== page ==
Press and Fermentation

With the crush complete, the time is nigh for dealing with the must. You may have exceeded your energy limits to get to this point but that’s okay, don’t stop now. Carry forth, and either press the must or start fermentation. Depending on the grapes and your wine recipe, you might have an overnight rest for you and the grapes. It is not uncommon for winemakers to start the day before dawn and work past dusk to complete this phase but hold the faith, a glass of wine awaits you at the end of the day (if not before!).

Pressing is straightforward, squeeze the must to extract juice leaving the pulp and seeds behind. The use of a mechanical press is the most efficient approach. If you don’t have a press, you may be able to rent one from a local winemaking retailer. If you’re processing a small batch, several manual methods can be employed, for example, filling a large pillow case or cheesecloth with the must and squeezing by hand.

Yeast (find a winemaking yeast chart here), is the catalyst converting sugar in the must or juice to an alcoholic beverage during fermentation. The greater the sugar level at the beginning, the more alcoholic the final wine. It can be fermented to dryness or short of dryness, depending on the varietal and approach desired by the winemaker. A Hydrometer is used to track the sugar level in the ferment, informing sugar levels at the beginning and end of fermentation.

The approach between red and white fermentation differs. Red must is commonly fermented in open containers, while white juice containers are closed. Exposure to oxygen during fermentation serves to oxidize the wine, so exposure must be limited. Fermenting red must is protected from oxygen due to the formation of a grape pulp cap along the top, which acts as an oxygen barrier. A closed container is required for white juice since the grape pulp was removed during pressing.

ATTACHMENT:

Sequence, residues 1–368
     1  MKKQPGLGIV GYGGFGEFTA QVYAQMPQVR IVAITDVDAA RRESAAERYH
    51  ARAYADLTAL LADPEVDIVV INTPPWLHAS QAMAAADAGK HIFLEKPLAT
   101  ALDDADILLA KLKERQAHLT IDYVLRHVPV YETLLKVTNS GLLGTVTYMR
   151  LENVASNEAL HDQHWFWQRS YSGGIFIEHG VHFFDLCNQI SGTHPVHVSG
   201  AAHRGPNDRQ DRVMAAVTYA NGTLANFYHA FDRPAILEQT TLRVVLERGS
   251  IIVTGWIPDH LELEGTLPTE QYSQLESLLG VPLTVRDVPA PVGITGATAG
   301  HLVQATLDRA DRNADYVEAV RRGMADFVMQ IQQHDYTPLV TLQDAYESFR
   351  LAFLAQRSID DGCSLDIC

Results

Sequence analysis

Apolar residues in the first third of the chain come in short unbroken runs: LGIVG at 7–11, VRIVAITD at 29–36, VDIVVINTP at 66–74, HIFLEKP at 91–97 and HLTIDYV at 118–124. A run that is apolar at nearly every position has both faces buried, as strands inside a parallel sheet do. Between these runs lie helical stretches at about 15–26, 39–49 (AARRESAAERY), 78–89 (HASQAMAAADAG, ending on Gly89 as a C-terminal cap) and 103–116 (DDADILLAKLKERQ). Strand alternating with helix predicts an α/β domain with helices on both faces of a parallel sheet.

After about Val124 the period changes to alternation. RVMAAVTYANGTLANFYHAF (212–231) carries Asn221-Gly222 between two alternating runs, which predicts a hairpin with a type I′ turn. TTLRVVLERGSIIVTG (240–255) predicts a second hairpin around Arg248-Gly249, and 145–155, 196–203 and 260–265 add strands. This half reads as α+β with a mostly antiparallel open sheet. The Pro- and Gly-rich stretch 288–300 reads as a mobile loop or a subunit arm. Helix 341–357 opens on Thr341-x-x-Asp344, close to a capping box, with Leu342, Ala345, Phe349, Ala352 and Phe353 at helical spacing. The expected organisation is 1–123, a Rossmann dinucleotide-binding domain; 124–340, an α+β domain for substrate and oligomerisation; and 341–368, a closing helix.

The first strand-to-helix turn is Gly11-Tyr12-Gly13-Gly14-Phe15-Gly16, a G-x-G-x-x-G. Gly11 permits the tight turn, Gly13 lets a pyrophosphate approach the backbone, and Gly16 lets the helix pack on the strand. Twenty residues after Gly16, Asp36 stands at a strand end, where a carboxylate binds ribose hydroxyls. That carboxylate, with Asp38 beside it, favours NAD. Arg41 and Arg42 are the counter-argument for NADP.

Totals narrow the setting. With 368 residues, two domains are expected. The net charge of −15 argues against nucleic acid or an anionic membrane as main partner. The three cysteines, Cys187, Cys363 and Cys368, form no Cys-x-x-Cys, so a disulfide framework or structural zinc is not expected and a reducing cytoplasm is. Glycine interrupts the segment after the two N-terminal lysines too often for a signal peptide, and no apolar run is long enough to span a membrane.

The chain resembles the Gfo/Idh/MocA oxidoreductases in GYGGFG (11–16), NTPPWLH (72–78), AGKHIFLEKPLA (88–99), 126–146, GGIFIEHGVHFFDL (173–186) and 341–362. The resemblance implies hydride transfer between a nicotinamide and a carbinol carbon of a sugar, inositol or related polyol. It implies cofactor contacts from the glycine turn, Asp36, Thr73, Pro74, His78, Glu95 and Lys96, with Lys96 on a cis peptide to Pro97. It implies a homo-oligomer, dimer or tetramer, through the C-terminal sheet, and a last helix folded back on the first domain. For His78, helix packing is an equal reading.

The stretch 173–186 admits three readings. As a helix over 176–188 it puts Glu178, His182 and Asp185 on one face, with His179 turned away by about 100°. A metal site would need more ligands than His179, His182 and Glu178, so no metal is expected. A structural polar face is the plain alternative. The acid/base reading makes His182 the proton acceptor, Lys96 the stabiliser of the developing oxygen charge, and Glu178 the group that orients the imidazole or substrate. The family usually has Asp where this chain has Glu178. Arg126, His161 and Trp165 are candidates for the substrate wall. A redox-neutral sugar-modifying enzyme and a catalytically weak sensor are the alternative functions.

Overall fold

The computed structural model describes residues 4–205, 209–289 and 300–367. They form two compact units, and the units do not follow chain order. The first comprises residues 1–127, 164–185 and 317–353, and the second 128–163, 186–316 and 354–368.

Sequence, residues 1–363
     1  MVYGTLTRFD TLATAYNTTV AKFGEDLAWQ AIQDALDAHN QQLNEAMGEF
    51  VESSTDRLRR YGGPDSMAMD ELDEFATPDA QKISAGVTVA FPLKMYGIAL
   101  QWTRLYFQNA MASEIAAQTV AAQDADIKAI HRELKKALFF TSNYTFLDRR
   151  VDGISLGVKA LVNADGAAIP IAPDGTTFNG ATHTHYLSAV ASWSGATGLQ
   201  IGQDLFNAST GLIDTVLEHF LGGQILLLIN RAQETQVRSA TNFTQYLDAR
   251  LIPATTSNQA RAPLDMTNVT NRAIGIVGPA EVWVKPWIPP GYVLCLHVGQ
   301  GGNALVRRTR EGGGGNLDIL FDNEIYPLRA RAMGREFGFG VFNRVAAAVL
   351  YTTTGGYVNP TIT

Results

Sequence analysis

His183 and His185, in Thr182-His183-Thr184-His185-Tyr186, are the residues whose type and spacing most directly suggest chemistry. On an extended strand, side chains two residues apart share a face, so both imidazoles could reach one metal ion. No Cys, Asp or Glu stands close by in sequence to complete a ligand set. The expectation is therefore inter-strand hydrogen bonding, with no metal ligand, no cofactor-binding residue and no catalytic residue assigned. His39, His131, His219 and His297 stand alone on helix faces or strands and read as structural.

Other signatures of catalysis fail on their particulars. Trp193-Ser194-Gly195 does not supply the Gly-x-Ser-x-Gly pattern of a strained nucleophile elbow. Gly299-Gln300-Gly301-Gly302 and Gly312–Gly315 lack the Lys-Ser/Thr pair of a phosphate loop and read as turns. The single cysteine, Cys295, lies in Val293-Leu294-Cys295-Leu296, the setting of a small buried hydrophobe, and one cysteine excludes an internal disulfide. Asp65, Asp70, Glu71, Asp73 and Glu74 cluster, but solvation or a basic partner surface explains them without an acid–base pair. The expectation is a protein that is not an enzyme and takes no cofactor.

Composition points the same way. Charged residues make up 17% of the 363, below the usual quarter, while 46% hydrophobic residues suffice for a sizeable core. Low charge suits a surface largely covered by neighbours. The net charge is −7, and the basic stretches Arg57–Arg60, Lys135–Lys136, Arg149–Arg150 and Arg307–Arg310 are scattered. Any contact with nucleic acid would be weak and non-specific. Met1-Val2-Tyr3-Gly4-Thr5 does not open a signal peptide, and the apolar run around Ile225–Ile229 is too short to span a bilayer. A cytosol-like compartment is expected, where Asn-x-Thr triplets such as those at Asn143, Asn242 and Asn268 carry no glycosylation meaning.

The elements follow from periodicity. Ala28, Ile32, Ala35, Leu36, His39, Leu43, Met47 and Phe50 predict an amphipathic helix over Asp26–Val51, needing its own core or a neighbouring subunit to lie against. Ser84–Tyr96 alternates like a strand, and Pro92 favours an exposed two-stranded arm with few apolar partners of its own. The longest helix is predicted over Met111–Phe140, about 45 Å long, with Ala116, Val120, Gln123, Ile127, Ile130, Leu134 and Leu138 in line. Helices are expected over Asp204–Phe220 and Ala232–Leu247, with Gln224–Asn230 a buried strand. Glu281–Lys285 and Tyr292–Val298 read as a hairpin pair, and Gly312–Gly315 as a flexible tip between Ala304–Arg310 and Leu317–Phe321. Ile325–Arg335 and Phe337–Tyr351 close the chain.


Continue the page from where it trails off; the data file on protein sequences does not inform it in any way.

As you may have guessed from the differing fermentation approaches, the steps involved in pressing and fermenting red and white diverge after the crush.

Red grape must is first fermented before being pressed. The fermentation process and time involved extract the necessary color and flavors associated with red wine. Though for the extractions and color to be fully expressed the aforementioned cap along the top must be punched down or for some commercial winemakers, poured over mixing the ferment one to three times daily. 

Conversely, in most cases, white grape must moves quickly after the crush to the press. Pressing quickly retains the lighter color and fruit flavors associated with white wine. “In most cases”, recognizes certain white varietals and winemakers may desire to hold the must for a short period before pressing, to achieve certain flavor and color profiles.

Rosé is made of red grapes and is processed similarly to white wine. After crushing, the must is held for a period of time to extract the level of color and flavor desired by the winemaker, then sent to the press before fermentation.